| My Land, My Country
POPONDETTA - It’s early morning at Hohorita village, a few kilometers outside Popondetta town.
Organisers of the 70th anniversary commemoration of the Mt Lamington eruption on 21 January 1951 are putting the final touches to preparations as they wait for the guests to arrive.
While at one level, it is a solemn occasion. It is the remembrance of 4,000 men, women and children who died.
It is also a celebration of life and, for these devout Anglican communities, a resurrection and a revival.
“I’ll tell you about my clan,” says Winterford Suharupa, a former NBC broadcaster from Hohorita.
“My whole clan was wiped out. Only two people survived, my father and his brother. Both of them were out of the province.
“We lost everything. I wish the people who were there could tell you the stories.
“I wish the man who ran from the foothills to the administration centre was here to tell you his story. But he is gone.”
Hohorita is a village that grew from a post-eruption settlement. The people originally lived in the foothills of the volcano.
After their villages were destroyed, the survivors were resettled here. The traditional owners of the land were kind and generous, the survivors said.
A lot of the history about the Mt Lamington eruption has still to be rediscovered.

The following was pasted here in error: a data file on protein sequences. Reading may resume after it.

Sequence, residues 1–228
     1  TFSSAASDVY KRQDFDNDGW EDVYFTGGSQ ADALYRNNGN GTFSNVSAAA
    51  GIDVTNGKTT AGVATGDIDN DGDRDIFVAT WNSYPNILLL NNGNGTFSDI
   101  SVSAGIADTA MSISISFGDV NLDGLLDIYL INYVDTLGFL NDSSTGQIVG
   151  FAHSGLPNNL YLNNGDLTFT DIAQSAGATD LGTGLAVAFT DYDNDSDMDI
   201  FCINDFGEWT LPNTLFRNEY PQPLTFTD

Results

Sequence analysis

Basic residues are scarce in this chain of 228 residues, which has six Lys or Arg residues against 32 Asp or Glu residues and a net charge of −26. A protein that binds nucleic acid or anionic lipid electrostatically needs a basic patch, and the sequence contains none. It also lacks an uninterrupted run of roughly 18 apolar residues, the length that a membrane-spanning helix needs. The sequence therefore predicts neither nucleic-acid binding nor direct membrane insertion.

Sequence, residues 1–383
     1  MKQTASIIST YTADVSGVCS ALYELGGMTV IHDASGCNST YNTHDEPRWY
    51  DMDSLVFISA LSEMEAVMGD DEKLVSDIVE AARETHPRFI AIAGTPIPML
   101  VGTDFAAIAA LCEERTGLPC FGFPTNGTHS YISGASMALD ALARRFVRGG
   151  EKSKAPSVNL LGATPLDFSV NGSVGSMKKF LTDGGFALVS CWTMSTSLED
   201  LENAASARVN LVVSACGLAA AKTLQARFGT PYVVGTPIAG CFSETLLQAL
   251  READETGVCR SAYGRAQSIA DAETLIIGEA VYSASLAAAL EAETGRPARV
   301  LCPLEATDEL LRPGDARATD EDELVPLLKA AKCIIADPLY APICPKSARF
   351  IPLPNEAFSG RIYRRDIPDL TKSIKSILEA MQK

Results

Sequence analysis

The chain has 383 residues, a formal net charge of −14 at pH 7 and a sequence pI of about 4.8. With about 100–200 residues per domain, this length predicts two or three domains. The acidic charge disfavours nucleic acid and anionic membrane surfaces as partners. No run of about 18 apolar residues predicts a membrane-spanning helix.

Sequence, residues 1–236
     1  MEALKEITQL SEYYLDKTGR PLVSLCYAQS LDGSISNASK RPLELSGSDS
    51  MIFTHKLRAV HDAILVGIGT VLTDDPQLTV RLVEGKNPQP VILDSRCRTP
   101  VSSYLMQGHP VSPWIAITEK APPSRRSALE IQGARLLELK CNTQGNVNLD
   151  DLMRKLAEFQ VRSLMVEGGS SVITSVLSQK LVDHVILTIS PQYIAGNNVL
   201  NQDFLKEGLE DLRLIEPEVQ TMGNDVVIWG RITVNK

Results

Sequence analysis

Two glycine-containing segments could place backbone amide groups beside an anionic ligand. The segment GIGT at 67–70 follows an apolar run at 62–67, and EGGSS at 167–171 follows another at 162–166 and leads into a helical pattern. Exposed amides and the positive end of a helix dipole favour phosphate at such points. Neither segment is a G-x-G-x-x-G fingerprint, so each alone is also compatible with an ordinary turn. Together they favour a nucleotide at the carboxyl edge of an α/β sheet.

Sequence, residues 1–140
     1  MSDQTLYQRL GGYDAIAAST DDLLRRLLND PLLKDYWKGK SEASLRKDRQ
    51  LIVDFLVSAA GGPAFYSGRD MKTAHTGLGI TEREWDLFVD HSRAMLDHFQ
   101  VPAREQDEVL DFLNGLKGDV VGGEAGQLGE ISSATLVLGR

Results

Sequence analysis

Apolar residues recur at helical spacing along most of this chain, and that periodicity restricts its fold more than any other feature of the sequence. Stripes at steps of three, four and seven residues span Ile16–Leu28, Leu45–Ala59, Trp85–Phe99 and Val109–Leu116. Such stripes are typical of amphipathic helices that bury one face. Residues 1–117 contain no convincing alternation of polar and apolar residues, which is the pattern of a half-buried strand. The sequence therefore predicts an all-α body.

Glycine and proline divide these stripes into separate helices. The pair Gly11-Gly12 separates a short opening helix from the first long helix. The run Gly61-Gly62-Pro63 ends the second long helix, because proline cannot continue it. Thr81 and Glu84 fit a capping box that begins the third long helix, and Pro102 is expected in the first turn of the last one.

After 70 years, records on the Papua New Guinea side remain part of oral history drawn from the mental archives of the elders.
All the survivors of the Lamington eruption are now in their 70s and 80s. At Kiorota village, two of four survivors told of their experiences.
Avari Lucien Koiembo was eight-years-old when he was scolded by his brother-in-law and told to flee from the eruption.
“I saw very thick dust and it was rolling down the mountain. The mountain exploded like a bomb.”
Rediscovering that history has been like putting together pieces of a puzzle.
When you speak to the elders, you get to understand the unimaginable pain they went through. Some were very young when it happened.
Koiembo is now 78. He fled with his younger niece and nephew when the sky became pitch black in mid-afternoon.
“It was dark for three hours. It wasn’t night. The ash had covered up the sky. We couldn’t see anything.
“The clothes people wore became so heavy with the wet ash, they fell off.”
The disaster not only destroyed villages and the environment. It killed whole clans and families. At eight-years-old, Avari Lucien Koiembo lost his entire clan.
“If you speak to the local people within the vicinity of the volcano, their stories suggest that the number of those who perished is higher than what has been estimated,” says Northern Province Governor Gary Juffa. Our oral history needs to be better documented.
For the colonial Administration, the Mt Lamington eruption triggered a huge post-war relief operation.
Before he passed away in 2018, Des Martin was honoured by the Papua New Guinea government with an Order of Logohu award. He wrote an article describing horrific scenes where hundreds of people lay dead after the eruption.
Tony Taylor’s work studying the Mt Lamington volcano identified safe zones where the Administration could conduct the rescue operation.
His work is still classed as one of the best studies of an active volcano. He died on Manam Island in 1972.
For people in Northern Province, Anglican missionaries led by Bishop David Hand are still held in high regard for their work in rebuilding the communities devastated by the disaster.